Top security officials in the United States and Britain fear a ‘spectacular’ assault from terrorists linked to the Al Qaeda during the presidential transition in Washington, a news report said.
US President-elect Barack Obama is being given ominous advice from leaders on both sides of the Atlantic to brace himself for an early assault from terrorists, The Times newspaper said. The Bush Administration has been defined largely by the 9/11 attacks, which came within a year of his taking office.
General Michael Hayden, director of the Central Intelligence Agency (CIA), on Thursday acknowledged that there were dangers during a presidential transition when new officials were coming in and getting accustomed to the challenges.
The UK daily reported that in Britain security officials say there is genuine concern that Al Qaeda will attempt an
attack in the transition period, but suggested it may be aimed more at President George W Bush than the incoming
James Lewis, an expert with the CSIS said Al Qaeda may wish to provoke a reaction from the next US administration designed to show the rest of the world that “America is still the evil crusader”.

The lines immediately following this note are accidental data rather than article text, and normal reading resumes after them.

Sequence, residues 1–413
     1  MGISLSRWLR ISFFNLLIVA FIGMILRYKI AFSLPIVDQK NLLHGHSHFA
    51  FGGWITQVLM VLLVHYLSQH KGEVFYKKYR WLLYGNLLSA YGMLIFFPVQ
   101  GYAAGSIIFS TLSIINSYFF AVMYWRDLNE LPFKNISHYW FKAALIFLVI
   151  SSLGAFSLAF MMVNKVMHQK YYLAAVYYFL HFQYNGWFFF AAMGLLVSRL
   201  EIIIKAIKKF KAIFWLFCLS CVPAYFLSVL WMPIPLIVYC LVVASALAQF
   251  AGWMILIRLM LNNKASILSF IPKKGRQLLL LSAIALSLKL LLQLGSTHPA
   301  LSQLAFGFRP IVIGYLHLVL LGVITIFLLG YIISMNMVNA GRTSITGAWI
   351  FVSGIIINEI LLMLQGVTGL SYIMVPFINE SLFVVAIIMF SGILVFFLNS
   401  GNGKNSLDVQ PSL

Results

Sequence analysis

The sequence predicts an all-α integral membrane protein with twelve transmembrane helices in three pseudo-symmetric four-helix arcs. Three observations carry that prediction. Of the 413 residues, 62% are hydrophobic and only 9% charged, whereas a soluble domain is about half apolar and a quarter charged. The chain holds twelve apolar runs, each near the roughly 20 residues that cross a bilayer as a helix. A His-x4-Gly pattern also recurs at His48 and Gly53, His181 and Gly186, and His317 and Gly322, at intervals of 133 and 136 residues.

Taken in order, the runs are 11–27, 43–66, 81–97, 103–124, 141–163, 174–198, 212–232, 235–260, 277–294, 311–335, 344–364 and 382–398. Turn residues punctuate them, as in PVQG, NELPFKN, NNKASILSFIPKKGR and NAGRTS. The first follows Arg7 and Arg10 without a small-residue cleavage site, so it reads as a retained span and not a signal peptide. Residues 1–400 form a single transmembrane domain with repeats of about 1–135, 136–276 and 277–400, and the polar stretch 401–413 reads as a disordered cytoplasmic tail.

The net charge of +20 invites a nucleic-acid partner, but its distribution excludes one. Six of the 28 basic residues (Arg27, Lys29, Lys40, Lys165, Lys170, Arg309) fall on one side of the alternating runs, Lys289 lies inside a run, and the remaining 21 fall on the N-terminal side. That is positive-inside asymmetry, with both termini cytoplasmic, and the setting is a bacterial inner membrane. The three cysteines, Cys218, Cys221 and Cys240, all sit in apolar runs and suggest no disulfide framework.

However, intelligence chiefs on both sides of the Atlantic have indicated that such warnings refer more to a general sense of foreboding than fear of an imminent or specific plan, the report said.
Even as acknowledging the dangers, the CIA boss underlined there was no detection of any “real or artificial spike” in intercepted transmissions from terror suspects.
In Britain, while officials are on the alert, there is nothing from the intelligence world “to indicate that anything has changed dramatically in recent months to put them on alert for an attack at the moment.”